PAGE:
Steve Jobs Acquring Pixar: Technology Meets Art
Steve Jobs got a chance to meet #EdCatmull, who was running the computer division of George Lucas’s film studio. They were doing great animated short films, far behind the competition. He liked whatever they did. After few attempts to sell there company, they decided that they would seek for investors.
“I wanted to buy it because I was really into computer graphics,” Jobs
recalled. “I realized they were way ahead of others in combining art and
technology, which is what I’ve always been interested in.”
Steve Jobs was #CEO of #Pixar from 1986 until its acquisition by The Walt #Disney Company on May 5, 2006.
Steve purchased Pixar from George Lucas for $5 million with the agreement that he would invest another $5 million to fund the company. After some negotiations it became $10 Million, for 70% stake in the company. Later Steve invested another $54 million (of his own money) into the company before Pixar pivoted away from making hardware and toward creating computer animated feature films. The company was named Pixar, after the name of there first PC pixar.
Steve Jobs made Pixar stronger: Steve was hard charging and relentless. A conversation with him took you places you didn’t expect. It forced you not just to define but also to engage. And that in itself had value.
Steve made Pixar’s movies better: Once or twice per movie, when a crisis loomed, he would inevitably come in and say something that helped alter our perceptions and improve the film. Whenever offering a note, he always began the same way: “I’m not really a filmmaker, so you can ignore everything I say…” Then he would proceed, with startling efficiency, to diagnose the problem precisely. Steve focused on the problem itself, not the filmmakers, which made his critiques all the more powerful. If you sense a criticism is being leveled for personal reasons, it is easy to dismiss. You couldn’t dismiss Steve. Every film he commented on benefited from his insight.
The main focus was selling or licensing the hardware and software they developed for animation. They had limited success (think the ballroom or magic carpet scenes of Beauty&The Beast and Alladin). So for a very long time Pixar was a huge money hole and the only person who believed in them/funded their short movies was Jobs, from a creative standpoint Jobs got out of their way and handed them money to make short movies even when he was down to his last 10mil and these shorts were still very expensive.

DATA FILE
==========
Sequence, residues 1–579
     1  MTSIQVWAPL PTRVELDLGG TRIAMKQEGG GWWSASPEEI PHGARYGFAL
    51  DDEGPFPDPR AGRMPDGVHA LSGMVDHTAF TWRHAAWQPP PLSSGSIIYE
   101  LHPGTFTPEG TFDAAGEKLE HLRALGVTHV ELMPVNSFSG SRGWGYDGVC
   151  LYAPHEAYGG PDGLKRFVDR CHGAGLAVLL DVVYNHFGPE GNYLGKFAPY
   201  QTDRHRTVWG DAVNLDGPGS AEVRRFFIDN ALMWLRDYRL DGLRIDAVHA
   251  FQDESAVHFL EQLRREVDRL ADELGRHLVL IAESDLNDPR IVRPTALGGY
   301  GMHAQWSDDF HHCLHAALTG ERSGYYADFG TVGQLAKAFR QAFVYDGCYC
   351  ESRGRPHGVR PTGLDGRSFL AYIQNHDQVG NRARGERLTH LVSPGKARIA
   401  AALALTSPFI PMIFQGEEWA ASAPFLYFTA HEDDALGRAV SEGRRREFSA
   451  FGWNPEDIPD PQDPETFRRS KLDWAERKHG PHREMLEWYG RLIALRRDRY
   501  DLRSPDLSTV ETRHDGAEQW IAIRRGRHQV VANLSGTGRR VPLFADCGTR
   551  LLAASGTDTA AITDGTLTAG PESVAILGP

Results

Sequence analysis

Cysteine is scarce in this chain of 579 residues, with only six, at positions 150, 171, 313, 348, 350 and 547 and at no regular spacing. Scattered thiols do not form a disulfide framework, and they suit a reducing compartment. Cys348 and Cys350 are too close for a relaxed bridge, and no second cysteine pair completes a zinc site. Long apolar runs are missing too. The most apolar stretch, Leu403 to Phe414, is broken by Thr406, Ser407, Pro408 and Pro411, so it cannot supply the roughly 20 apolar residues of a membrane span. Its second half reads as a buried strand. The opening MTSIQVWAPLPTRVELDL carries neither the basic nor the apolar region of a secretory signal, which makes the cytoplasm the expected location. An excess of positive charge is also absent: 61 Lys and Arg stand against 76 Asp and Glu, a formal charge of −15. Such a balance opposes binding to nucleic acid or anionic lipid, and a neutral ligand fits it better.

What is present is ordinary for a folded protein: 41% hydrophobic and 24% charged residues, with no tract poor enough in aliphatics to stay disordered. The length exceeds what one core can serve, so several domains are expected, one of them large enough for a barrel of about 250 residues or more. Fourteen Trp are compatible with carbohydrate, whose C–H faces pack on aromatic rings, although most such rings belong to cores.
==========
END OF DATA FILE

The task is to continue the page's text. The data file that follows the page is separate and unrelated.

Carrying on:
Toy Story was of course the saving grace of Pixar and spurred box office hit after hit. They tried to sell Pixar many times and in this area I understand Jobs actually got in the way.. a lot, when reasonable deals were close to being made he would ‘throw his toys out of the pram’ and screw everything up. Some would say this is because he saw the true value that others didn’t, some would say Jobs was stupid.
In the end Pixar was sold for a mind staggering profit, thanks in large part to Jobs, and while a lot of people were scared that Disney would swallow up and water down Pixar the heads of Pixar ended up as heads at Disney and saved a once legendary company. I don’t think anyone can deny that Disney Animation had fallen very far in the 1990s and is now in a considerably better place thanks to people like John Lasseter. Hercules or Frozen? You decide.
Steve negotiated Pixar’s sale to Disney for $7.4 billion. He felt Disney was the best partner for Pixar due to Disney’s mastery of consumer products and theme parks. He felt Pixar was vulnerable due to its relatively small size and that it would find safe harbor with the much larger Disney company. Steve said: “Right now Pixar is a yacht. But a merger will put us on a giant ocean liner, where big waves and poor weather won’t affect us as much. We’ll be protected.” Even if Pixar suffered a few poor performances at the box office being part of Disney would ensure its survival.
Steve loved Pixar. He once said in his next life he hoped to come back as a Pixar director.
And it was the stake from Pixar that took his major portion of net worth at time of his death. The Pixar stake earned him a really valuable portion, when it was acquired by Disney, and #Apple stake was quite less.